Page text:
How Teachers are Making Digital Education Resilient

As we reimagine this new world policymakers, educators and citizens have an opportunity to redefine the way we learn and educate.

By Michael Young, Senior Vice President, Global Government Affairs and Public Policy, Dell Technologies and Dipakshi Mehandru, India Government Affairs and Public Policy, Dell Technologies

2020 witnessed educational institutions shutting down across the world. According to estimates by UNESCO, over 60% of the world’s student population was kept out of classrooms during the lockdown imposed by different countries. Governments and organizations were compelled to adapt and improvise at breakneck speed to ensure continuity in healthcare, education, and businesses of all sizes. For education, while the traditional modus operandi of knowledge dissemination was interrupted, the widely held belief that learning is limited to a classroom also was shattered.


Embracing the New Digital Classroom

For many, the learning didn’t stop. Accelerated adoption of digital tools helped sustain the engagement between students and teachers in a simulated classroom-like experience. While there were problems, and many of us with children became de facto IT support, the role of technology in the education ecosystem has never been clearer.

But while on the one hand we saw technology enabling remote and innovative learning, on the other we also saw fault lines emerge by way of inequitable access to quality education in various countries and regions. These challenges were not limited to low- or medium-income countries. Limited access to Information and Communication Technology (ICT) hardware, connectivity, and/or electricity pushed many students into forced sabbatical from education. Teachers braced up for the challenge, but many struggled with embracing the new digital classroom. The rift between relevance of existing curriculum and preparing a student for the Future of Work became amply clear.

We, at Dell Technologies, have been passionate advocates for education as a central pillar to empower and transform lives. From creating solar-powered classrooms in Africa and Latin America to supporting digital literacy among students in India, positively impacting education has been important to us – our Public Policy advocacy reflects this as well. To help create a collaborative understanding of challenges nations face and the role a diverse stakeholder ecosystem can play in addressing these, we conceived Dell Technologies PolicyHack.

Investing in Digital Education Training

In promoting inclusivity and accessibility of quality STEM education, we grasped that a key gap in embracing digital learning has been the absence of systemic investments into training and development of teachers. We believe that technology will not replace teachers but will help them create a transformational learning environment.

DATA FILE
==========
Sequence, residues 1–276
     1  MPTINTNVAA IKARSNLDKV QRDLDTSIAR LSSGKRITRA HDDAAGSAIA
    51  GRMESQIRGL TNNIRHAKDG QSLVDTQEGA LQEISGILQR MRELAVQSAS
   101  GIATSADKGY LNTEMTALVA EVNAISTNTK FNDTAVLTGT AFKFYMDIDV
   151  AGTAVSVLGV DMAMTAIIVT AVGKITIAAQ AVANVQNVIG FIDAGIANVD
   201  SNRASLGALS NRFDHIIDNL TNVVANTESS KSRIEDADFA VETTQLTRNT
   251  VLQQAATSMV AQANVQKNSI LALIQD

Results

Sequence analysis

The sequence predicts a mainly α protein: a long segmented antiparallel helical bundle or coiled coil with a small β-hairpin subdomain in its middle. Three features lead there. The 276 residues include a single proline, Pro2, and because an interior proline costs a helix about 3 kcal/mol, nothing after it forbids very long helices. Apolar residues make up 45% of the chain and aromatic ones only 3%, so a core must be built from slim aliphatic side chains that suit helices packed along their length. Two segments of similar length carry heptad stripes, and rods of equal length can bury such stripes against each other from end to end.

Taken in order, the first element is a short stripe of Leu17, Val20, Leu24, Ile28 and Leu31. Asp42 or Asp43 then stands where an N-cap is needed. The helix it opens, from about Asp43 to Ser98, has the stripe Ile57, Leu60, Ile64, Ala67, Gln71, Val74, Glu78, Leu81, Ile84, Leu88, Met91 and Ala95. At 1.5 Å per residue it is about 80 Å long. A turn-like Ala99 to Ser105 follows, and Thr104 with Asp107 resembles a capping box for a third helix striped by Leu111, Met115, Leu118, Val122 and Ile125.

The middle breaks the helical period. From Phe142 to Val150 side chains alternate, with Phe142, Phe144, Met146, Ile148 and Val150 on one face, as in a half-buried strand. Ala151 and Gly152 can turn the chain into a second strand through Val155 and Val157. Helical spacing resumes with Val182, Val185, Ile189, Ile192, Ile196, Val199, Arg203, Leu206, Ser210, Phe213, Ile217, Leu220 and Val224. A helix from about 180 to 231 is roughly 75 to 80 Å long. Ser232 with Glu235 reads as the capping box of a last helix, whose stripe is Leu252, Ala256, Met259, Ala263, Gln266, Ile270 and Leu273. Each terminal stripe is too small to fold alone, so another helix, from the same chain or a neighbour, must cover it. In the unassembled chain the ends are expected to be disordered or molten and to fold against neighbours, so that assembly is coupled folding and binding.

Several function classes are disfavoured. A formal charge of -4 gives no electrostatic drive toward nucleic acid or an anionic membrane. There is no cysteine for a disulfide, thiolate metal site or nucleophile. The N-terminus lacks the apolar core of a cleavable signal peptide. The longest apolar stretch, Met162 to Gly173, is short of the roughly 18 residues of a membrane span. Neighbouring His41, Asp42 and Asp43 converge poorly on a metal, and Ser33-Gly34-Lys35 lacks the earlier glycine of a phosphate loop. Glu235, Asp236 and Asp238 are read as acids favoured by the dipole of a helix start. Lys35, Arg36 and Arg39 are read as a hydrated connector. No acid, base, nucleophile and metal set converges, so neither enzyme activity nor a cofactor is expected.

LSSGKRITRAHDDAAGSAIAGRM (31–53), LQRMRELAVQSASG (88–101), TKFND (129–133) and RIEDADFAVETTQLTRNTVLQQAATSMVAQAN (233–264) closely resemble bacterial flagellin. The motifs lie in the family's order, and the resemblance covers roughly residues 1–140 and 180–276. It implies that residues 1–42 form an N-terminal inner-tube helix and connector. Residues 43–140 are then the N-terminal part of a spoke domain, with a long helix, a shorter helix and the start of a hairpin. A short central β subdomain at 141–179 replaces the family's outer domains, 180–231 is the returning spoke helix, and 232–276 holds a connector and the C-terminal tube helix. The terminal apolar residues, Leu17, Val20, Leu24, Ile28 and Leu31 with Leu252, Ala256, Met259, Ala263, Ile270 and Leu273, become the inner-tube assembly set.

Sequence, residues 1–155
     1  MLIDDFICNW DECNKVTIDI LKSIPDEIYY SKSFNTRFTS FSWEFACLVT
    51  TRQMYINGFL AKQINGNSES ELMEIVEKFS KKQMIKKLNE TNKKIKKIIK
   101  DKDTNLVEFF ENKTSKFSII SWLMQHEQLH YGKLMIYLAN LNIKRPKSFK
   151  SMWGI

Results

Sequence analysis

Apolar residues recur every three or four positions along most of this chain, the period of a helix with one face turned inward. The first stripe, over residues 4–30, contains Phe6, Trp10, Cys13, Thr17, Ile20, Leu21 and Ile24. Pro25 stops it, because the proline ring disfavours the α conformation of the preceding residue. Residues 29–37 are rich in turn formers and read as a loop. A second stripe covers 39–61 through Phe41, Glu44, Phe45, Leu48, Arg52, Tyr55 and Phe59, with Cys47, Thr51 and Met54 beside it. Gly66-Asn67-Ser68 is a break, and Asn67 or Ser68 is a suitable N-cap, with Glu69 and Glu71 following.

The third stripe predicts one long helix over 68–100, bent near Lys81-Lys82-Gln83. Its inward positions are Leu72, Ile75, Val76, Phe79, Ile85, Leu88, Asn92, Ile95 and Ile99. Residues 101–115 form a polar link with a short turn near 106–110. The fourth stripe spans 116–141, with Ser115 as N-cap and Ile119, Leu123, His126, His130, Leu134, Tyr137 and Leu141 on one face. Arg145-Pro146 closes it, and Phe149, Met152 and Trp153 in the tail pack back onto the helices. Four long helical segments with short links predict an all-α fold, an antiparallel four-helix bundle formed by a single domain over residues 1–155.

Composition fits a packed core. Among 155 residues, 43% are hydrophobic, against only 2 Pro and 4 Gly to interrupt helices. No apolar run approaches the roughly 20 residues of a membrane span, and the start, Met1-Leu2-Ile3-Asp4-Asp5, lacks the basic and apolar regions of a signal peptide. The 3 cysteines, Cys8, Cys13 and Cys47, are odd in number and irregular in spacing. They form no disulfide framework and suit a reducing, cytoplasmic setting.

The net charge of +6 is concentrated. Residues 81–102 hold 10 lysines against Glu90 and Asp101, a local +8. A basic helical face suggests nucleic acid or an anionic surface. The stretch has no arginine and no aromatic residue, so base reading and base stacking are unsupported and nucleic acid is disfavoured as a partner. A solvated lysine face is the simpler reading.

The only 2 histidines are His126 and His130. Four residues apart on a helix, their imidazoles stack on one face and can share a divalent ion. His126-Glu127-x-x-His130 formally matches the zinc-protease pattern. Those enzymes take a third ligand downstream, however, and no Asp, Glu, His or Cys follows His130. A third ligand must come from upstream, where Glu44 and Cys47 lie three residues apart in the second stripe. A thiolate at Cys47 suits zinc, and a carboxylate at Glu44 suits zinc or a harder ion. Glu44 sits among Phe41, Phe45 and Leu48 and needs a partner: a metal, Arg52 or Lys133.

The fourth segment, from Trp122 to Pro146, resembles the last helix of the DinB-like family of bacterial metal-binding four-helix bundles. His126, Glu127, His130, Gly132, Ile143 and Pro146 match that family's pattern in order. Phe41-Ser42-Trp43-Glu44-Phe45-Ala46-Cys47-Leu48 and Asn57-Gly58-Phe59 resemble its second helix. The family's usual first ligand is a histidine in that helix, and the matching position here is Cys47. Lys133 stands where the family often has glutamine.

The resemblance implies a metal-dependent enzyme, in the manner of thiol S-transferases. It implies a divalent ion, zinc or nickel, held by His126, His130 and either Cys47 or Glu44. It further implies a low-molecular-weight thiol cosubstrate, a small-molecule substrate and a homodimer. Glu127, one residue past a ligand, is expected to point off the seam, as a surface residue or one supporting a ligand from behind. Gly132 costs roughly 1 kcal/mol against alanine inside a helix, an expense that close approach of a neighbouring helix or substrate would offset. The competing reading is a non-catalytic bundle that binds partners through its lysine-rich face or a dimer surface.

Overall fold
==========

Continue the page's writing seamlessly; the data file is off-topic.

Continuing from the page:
To better understand challenges faced by teachers, we launched Dell Technologies PolicyHack for Teachers in India in 2019. Over 700 teachers hacked how they can adapt in a rapidly transformative digital world, and what support they need from policy makers, think tanks, industry, NGOs, and experts. We partnered with the UNESCO Mahatma Gandhi Institute of Education for Peace and Sustainable Development to conduct these sessions across four cities in India.

The “Empowering Teachers in the Digital Education Ecosystem” whitepaper carries insights from these PolicyHacks, which are relevant not just in the Indian context but also for other comparable regions. Indeed, the insights developed in India are more salient in a post COVID-19 world than they were the year before.

  1. With the pace of change in technological interventions, training teachers needs to be a priority agenda item for governments and schools. For teachers to be effective in leveraging technology in a classroom, trainings have to continue and not be a one-time intervention. Pre-service trainings must be supplemented with annual refreshers and should be reflected in annual appraisals.
  2. Technology is an enabler, and not a replacement for teachers. The capacity building measures should focus on prepping teachers to become better facilitators and drive socio-emotional learning and critical thinking.
  3. Access to education is a sum of many factors, namely device, connectivity, electricity, gender, special learning needs, among others. Education has be inclusive, and the governments need to step in to create an equalized learning opportunity roadmap. Availability of locally relevant vernacular content is a key to strengthen early childhood education.
  4. Peer connection among teachers can help create resonance and sense of belonging. Teachers and school administrators should be paired with other accomplished teachers and schools in a mentor-mentee framework that fosters sharing of global and local best practices.

As we reimagine this new world, we have an opportunity to redefine the way we learn and educate. These findings bring light to what may lie ahead for teacher capacity building and how policymakers, educators and citizens can influence the way we educate.